John’s Note: Ronnie “Cuz” Strickland, Mossy Oak’s senior vice president of media services, probably has hunted turkeys as long and as hard as any man alive. He hunts for his own enjoyment, but in the early days of Mossy Oak (www.mossyoak.com), he was a cameraman, field producer, guide and caller. One of Cuz’s greatest joys in life is calling up a turkey for someone else to take. Cuz has hunted turkeys all over the world and in most states. When Cuz talks turkey, we all listen.
The turkey hunter’s ears will find more turkeys than his eyes will.
But you can’t hear a turkey gobble, especially if he’s a long way off, if you’re not being extremely quiet. A good friend of mine, Tom Kelly, explained it best when he said, “You’ve got to cause your whole body to become an ear.” I’ve hunted with thousands of turkey hunters over the years. Many times after I call or they call, they’ll be moving their feet or turning around trying to listen in different directions. Often, I have to tell my hunters to be quiet, so we can hear a gobbler. Don’t just listen for that booming gobble, but also listen for that gobble that may be only barely audible.
Another sound to listen for is turkey’s drumming. Oftentimes, when a turkey isn’t going to gobble, he’ll still strut and drum. The drumming sound sounds like an 18 wheeler shifting gears. It may be a very-low sound that’s barely audible. The turkey will drum when he won’t gobble, because his hens can hear that drumming sound and come to him. Also, if you’re hunting an area that has quite a bit of hunting pressure, many times, the turkey only will drum and not gobble to call-up his hens. If you’re hunting regions with numbers of predators, like coyotes and bobcats, the turkey will drum, because the predators can’t hear that drumming from as far away as they can a gobble. Hunters who learn and practice the art of being quiet will pinpoint and hear more turkeys.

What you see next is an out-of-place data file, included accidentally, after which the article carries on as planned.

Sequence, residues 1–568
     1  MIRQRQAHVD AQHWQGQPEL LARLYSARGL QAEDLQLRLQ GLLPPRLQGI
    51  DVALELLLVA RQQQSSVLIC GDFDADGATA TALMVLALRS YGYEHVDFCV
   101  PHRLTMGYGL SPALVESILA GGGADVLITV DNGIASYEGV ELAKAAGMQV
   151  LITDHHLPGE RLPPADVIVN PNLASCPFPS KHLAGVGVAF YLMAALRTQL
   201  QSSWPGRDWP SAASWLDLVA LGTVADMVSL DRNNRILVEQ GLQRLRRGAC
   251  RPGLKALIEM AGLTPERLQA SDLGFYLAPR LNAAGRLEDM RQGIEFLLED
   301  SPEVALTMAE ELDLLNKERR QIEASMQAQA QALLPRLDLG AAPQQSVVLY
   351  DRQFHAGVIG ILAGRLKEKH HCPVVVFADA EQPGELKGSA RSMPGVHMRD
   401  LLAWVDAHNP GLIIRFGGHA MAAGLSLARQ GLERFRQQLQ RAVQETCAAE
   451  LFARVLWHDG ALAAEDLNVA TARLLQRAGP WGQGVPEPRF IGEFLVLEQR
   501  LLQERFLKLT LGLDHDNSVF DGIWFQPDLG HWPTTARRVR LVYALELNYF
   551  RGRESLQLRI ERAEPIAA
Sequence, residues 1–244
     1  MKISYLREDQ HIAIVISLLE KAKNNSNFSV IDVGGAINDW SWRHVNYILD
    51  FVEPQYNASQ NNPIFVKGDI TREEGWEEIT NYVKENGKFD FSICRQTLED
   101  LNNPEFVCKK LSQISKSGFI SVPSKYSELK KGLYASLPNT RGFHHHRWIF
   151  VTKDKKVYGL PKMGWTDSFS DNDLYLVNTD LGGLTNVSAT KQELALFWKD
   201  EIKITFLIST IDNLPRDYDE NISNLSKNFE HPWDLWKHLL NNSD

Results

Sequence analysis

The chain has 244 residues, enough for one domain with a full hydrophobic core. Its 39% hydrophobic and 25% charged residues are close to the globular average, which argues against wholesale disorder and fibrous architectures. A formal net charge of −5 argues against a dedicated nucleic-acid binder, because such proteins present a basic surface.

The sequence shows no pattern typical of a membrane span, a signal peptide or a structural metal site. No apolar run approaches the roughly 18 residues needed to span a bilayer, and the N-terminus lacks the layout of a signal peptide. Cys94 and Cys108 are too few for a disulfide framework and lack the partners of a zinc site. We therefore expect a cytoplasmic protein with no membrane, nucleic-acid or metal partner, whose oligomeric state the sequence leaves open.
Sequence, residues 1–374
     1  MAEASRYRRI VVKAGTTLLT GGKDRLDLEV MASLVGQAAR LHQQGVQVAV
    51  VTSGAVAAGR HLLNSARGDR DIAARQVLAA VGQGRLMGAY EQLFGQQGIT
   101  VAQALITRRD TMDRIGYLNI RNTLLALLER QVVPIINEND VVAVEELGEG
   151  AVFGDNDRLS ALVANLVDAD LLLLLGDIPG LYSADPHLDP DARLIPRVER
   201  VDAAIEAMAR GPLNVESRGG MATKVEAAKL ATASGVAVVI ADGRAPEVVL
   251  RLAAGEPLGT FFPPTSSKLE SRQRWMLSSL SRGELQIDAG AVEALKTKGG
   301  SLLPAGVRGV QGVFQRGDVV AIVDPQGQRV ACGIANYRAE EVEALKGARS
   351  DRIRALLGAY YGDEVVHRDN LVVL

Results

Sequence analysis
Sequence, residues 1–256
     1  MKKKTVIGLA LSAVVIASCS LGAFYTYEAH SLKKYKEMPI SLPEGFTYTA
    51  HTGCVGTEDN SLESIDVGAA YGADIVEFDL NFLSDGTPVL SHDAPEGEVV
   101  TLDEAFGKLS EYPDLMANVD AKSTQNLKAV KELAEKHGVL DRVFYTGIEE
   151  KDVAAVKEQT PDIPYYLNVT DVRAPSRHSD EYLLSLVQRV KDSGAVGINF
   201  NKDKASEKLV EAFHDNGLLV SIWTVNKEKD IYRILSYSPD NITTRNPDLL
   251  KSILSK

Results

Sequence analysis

I like to buddy hunt, I enjoy guiding, and I like to video hunters turkey hunting. Although I love the camaraderie of a turkey hunt with a good friend or a new friend, there’s a time to talk and a time to be quiet. When we’re listening for turkeys or going to a turkey, that’s the time to be quiet. Many times, when you’re walking down a logging road, a trail or a dried-up creek bed, if you’re very quiet, you’ll hear a turkey gobble that you won’t hear, if you’re talking or making too much noise, as you walk through the woods. Turkey hunting is a listening game. Turkeys give away their positions by gobbling and drumming. If you can hear the turkey gobble or drum, more than likely, you won’t take that turkey, or you’ll spook that turkey as you move through the woods. This spring, learn to be as quiet as possible and listen for the sounds that the wild turkey makes.
There are also other sounds that can give away the location of a turkey. Squirrels will bark at a turkey, and blue jays and crows will scream at turkeys. So, learn to identify as many of the critters as you can in the woods by the sounds they make, and I promise that you will find and take more turkeys. Mossy Oak camouflage can help you become invisible in the woods, but it can’t cause you to be silent in the woods. So, always wear your Mossy Oak camo, and remember this word, “Hush.”
To learn more about turkey hunting from the masters, get these Kindle eBooks by John E. Phillips, including: “The Turkey Hunter’s Bible (available as an eBook or in paperback),” “PhD Gobblers: How to Hunt the Smartest Turkeys in the World,” “Turkey Hunting Tactics,” “How to Hunt Turkeys with World Champion Preston Pittman,” “The 10 Sins of Turkey Hunting with Preston Pittman,” and “Outdoor Life’s Complete Turkey Hunting.” Click here to get these books.